Shame and Alienation
With the concept of self so tightly woven into the identity of the group, individuals consider the prospect of shame unthinkable. It means the loss of identity, becoming a sort of un-human or sub-person. Some missiologists have proposed that the Muslim’s love of community and fear of experiencing social and psychological alienation and isolation is far too great to consider accepting the gospel or any different way of life.
Tim Matheny writes,
So long as the Christian missionary effort appears to be a frontal attack against this group solidarity it will effectively oppose the progress of the Gospel. This is one area where changes must come if there is to be any significant response to Christ in the Arab world. (1981, chpt. 4)
From Whence Honor?
In many conversations about honor and shame cultures, one key question goes unasked. Although it is evident from numerous scholarly studies that honor and shame play an important role in many Muslim cultures, what is the source of honor and shame? From where do codes of honor arise? Who makes the rules of the game?
Some have tried to make a sharp delineation between honor cultures and law cultures. The Honor in Context Paradigm (HCP) offers a way to identify the function of honor and law in cultures, suggesting that these are not separate, but interdependent. This is critical when evaluating cultures where Islam mixes with other cultural mores.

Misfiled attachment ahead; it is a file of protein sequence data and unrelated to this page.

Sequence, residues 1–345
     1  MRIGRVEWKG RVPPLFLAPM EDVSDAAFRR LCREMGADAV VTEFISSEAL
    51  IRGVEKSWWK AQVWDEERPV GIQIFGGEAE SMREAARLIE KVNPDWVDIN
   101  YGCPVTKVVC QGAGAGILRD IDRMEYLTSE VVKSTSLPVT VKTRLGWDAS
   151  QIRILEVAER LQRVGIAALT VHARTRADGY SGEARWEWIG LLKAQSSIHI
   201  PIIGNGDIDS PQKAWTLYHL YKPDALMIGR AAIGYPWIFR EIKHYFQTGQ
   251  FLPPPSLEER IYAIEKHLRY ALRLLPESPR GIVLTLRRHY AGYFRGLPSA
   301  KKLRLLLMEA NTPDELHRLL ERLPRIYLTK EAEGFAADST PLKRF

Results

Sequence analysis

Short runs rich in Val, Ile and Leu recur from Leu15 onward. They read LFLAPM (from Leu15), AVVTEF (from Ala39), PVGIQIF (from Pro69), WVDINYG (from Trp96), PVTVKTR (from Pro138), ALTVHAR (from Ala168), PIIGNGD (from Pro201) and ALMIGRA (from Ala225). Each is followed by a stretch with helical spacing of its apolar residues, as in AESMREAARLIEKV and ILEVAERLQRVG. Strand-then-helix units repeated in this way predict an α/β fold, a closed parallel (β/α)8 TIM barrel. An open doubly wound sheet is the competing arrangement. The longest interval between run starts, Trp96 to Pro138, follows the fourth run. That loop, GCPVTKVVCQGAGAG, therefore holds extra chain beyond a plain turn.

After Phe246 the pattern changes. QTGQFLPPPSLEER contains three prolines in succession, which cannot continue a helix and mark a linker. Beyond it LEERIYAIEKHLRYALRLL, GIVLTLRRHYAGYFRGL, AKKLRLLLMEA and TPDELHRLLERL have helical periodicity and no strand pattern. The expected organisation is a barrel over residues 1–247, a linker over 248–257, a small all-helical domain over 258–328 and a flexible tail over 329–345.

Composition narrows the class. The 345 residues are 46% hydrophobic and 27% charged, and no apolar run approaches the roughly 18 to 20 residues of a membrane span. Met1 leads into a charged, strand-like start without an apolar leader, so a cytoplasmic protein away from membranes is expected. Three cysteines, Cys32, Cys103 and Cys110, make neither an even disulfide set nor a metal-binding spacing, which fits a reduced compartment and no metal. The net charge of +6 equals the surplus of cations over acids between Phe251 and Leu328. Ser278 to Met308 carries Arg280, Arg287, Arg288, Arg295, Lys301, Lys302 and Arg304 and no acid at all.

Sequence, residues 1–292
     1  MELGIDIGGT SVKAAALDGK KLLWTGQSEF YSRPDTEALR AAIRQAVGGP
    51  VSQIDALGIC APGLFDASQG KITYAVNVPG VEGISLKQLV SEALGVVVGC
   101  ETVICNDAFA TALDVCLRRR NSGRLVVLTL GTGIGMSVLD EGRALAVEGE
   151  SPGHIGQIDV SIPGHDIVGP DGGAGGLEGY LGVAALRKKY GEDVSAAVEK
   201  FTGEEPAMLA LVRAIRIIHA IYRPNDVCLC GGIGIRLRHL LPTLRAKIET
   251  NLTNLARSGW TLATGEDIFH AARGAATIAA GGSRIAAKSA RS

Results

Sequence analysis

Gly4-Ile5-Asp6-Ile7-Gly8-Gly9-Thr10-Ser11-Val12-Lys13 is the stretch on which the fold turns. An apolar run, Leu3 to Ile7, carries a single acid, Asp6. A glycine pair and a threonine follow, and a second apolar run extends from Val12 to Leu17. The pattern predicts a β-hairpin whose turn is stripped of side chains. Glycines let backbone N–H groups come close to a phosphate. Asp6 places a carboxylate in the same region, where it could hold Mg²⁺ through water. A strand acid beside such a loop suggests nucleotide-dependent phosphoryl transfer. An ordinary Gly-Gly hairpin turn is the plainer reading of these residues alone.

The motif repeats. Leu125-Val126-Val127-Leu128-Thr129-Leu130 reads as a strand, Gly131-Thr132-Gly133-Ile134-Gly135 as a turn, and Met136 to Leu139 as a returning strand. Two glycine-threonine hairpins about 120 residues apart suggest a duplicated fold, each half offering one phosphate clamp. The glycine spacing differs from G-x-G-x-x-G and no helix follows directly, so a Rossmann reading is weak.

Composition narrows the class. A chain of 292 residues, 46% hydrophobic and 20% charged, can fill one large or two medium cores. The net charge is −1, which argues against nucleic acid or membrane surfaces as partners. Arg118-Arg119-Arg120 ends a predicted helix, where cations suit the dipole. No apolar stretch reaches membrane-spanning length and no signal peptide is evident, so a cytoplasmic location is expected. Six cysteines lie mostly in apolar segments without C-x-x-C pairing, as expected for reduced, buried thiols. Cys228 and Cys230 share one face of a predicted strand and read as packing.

At its source, honor is always the outcome of a human fulfilling a law or code through action, word, or state. An honorable person lives according to the prevailing standards of right and wrong. The real contrast between Eastern and Western cultures is less a question of whether they are honor-based or law-based and more an issue of (a) the orientation of the individual members toward either self-autonomy or group solidarity and (b) the difference in belief whether right and wrong have a natural or a divine source. This paradigm can be illustrated with an xy graph (see Figure 1 below).
The question to be posed about any Muslim context is this: What constitutes their authority for right and wrong? The code or law that serves as a template for the honorable person will inevitably be assumed to have its source in either natural or divine origins. To what degree is this law derived from Islam? To step back even further, how much of their law defining honor is derived from earlier Judeo-Christian sources?
One question for mission among Muslims is this, what troubles them more, the possibility of facing isolation from the group as a result of bringing dishonor through failing at some point in the social law or the possibility of suffering the judgment of a holy God upon their sins? Another question is how to bring a Muslim to see the difference between the code of honor based on natural sources and the honor that is based on the divine law that flows out of the character of YHWH.